‘The Circle’ Takes on Pokémon Go
One Book Discussion on the Privacy You Are Giving Up

Student tracks down ‘‘Poke Stop.” Photo Credit / Kathleen Kraemer
Student tracks down ‘‘Poke Stop.” Photo Credit / Kathleen Kraemer
Student tracks down ‘‘Poke Stop.” Photo Credit / Kathleen Kraemer

Student tracks down ‘‘Poke Stop.”
Photo Credit / Kathleen Kraemer

Edita Bardhi
Contributing Writer

At the start of every school year, East Stroudsburg University’s One Book, One Campus arrives with a selected novel, accompanied by a campus book discussion.

The events are orchestrated by Dr. Peter Prium, an ESU philosophy professor and codirector of the Honors Program as well as head of the One Book Committee.

One Book, One Campus discussions are intended to give students and faculty members the opportunity to exchange thoughts about matters they may have concerning today’s society.

The discussion aims to help analyze societal-related issues that people encounter.

This semester’s One Book selection is Dave Egger’s novel, “The Circle.”

According the discussion, the book’s emphasis of the Internet, privacy, and security was compared to society’s interest of the new app, Pokémon Go.

Egger’s main character, Mae Holland, lands a job as a technician in The Circle, and as she progresses in the company’s name, she is obligated to use a “SeeChange.”

Using the “SeeChange” device, Holland quickly loses both her privacy and her security from continuously being tracked and recorded. Likewise, in order to succeed in Pokémon Go, players are obligated to travel around endlessly.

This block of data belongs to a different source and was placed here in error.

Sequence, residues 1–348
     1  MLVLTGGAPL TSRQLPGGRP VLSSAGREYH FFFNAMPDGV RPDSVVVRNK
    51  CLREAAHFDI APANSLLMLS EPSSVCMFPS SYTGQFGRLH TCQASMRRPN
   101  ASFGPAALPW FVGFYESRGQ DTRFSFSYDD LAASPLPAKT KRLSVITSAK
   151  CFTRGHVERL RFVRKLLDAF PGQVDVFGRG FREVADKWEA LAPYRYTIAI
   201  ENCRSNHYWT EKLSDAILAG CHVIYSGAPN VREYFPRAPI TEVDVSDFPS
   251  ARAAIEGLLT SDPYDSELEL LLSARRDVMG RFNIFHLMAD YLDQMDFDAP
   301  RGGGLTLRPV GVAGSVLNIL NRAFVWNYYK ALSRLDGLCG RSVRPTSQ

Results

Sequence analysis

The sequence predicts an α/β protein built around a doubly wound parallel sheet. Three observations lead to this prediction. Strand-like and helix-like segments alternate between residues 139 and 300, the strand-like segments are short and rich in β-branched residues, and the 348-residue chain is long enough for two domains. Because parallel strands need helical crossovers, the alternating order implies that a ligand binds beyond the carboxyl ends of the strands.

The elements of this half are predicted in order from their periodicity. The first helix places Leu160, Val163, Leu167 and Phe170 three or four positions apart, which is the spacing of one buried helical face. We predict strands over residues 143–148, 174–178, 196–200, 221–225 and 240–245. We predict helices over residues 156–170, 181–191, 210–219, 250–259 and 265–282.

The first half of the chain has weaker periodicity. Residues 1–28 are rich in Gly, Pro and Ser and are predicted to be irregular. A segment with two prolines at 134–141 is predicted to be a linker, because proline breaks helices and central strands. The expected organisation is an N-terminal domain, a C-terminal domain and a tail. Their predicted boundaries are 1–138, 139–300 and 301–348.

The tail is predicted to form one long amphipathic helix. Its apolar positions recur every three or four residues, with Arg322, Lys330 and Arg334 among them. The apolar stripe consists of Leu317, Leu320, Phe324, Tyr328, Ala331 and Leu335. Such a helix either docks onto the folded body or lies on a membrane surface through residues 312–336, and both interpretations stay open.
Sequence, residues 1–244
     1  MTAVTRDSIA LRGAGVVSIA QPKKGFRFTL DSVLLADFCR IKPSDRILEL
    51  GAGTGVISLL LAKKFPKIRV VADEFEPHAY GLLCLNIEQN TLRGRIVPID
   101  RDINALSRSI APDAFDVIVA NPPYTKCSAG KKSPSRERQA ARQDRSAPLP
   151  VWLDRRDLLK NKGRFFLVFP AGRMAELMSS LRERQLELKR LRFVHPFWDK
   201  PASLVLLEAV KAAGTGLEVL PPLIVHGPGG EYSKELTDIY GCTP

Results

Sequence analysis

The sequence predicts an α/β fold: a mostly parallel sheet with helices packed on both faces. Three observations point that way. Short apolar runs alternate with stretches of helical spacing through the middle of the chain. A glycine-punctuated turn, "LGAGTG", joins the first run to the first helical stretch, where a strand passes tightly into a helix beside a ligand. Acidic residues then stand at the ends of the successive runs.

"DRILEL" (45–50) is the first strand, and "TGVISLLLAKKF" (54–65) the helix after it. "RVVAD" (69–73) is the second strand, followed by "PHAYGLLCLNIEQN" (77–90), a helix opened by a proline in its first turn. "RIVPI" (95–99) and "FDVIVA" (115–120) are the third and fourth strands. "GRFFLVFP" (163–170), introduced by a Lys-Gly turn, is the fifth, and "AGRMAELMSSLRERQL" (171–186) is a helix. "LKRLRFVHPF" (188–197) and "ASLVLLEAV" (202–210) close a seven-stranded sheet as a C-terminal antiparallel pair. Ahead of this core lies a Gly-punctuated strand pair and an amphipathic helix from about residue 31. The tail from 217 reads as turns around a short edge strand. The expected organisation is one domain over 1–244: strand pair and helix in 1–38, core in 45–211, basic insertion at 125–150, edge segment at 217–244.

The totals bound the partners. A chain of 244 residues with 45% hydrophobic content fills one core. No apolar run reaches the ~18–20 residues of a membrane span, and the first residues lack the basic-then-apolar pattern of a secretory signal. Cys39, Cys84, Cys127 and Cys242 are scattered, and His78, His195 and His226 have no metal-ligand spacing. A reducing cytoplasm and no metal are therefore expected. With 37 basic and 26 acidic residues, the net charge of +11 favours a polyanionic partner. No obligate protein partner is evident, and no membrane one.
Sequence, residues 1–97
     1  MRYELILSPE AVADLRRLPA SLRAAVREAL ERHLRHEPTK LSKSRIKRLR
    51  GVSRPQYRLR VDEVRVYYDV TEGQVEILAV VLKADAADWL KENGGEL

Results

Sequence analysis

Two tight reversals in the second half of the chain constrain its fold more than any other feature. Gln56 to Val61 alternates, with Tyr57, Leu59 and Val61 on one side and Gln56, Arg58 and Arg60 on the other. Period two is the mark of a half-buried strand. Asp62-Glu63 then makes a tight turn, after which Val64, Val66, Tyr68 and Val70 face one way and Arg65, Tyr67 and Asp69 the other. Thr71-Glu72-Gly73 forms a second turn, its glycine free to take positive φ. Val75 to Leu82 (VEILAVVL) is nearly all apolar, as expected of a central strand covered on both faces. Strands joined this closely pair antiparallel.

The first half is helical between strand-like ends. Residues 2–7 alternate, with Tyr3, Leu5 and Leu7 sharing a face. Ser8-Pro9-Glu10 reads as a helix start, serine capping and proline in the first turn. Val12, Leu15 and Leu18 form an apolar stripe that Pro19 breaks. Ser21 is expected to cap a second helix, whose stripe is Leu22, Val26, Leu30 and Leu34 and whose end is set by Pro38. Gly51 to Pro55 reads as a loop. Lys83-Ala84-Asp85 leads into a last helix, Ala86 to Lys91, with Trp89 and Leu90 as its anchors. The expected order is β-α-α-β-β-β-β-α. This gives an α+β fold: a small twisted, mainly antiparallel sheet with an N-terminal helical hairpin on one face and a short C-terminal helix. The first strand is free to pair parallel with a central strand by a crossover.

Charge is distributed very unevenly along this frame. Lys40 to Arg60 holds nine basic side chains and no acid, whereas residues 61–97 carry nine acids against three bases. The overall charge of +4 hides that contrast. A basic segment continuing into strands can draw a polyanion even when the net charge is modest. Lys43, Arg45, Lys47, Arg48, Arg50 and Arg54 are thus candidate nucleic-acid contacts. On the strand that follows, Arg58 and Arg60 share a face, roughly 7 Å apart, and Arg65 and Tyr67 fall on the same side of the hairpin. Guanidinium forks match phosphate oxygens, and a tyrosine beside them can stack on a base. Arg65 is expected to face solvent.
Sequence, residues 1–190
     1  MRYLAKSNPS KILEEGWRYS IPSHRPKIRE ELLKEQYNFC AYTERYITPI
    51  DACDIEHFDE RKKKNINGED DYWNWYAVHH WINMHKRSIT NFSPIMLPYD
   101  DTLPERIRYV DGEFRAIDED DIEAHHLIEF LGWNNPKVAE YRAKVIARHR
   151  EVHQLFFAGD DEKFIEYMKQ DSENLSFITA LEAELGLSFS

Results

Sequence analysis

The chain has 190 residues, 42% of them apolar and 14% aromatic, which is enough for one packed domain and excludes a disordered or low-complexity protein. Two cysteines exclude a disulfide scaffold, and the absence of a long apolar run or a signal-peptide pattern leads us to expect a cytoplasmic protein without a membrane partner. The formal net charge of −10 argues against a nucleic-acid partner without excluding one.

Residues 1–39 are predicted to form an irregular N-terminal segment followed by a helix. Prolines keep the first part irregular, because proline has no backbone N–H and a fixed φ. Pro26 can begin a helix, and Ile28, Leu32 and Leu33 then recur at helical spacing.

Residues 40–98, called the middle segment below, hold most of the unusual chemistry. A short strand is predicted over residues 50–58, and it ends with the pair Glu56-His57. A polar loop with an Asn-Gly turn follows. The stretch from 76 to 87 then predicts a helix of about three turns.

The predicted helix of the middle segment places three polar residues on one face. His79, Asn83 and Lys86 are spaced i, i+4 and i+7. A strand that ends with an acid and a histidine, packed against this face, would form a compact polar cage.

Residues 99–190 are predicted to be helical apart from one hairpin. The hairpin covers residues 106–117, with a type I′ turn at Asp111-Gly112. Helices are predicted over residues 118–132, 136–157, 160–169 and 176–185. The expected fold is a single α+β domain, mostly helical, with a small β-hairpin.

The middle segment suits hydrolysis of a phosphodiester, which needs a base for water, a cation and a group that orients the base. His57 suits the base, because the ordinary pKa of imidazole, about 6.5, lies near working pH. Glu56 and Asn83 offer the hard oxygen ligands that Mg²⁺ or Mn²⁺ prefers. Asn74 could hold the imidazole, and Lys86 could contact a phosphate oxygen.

The book discussion, “Pokémon Go; the Good, the Bad, and the Ugly,” was held by Student Senate President, Andrew Kissiling and Student Activities Association’s Joe Akob and Fernando Alcantar.

Students surprised Akob by their outlook on technology.

Akob questioned readers about the level of riskiness the game may possess. Students responded, “It kind of is. People are getting victimized just for playing.” A current ESU student shared with the group, “I heard of a girl walking on the side of a highway, her head faced down, only in temptation to catch Pokémon.”

On the other hand, the app has made society more social, and adventurous, students agreed.

In relation to Pokémon Go players, Mae Holland was content with her job position at first, but later on she became uncomfortable.

Opinions on Holland’s issues with the public varied. Holland’s sacrifice made readers analyze the value of the Internet.

In the discussion, Akob explained the novel’s main purpose: to close the loop.

He then asked, “Would you be willing to give up your electronics to ensure the loop doesn’t close?”

Decisions bounced back and forth like a Pokémon ball.

Students concluded that it is possible, however it would trigger complications in certain fields of study.

All the same, this semester’s turn out of One Book, a count of eleven participants, has left ESU students with insights of the social media.

The theme, One Book, One Campus can be located throughout the year, and will welcome ESU with a new subject matter this coming fall.

Email Edita at:
ebardhi@live.esu.edu

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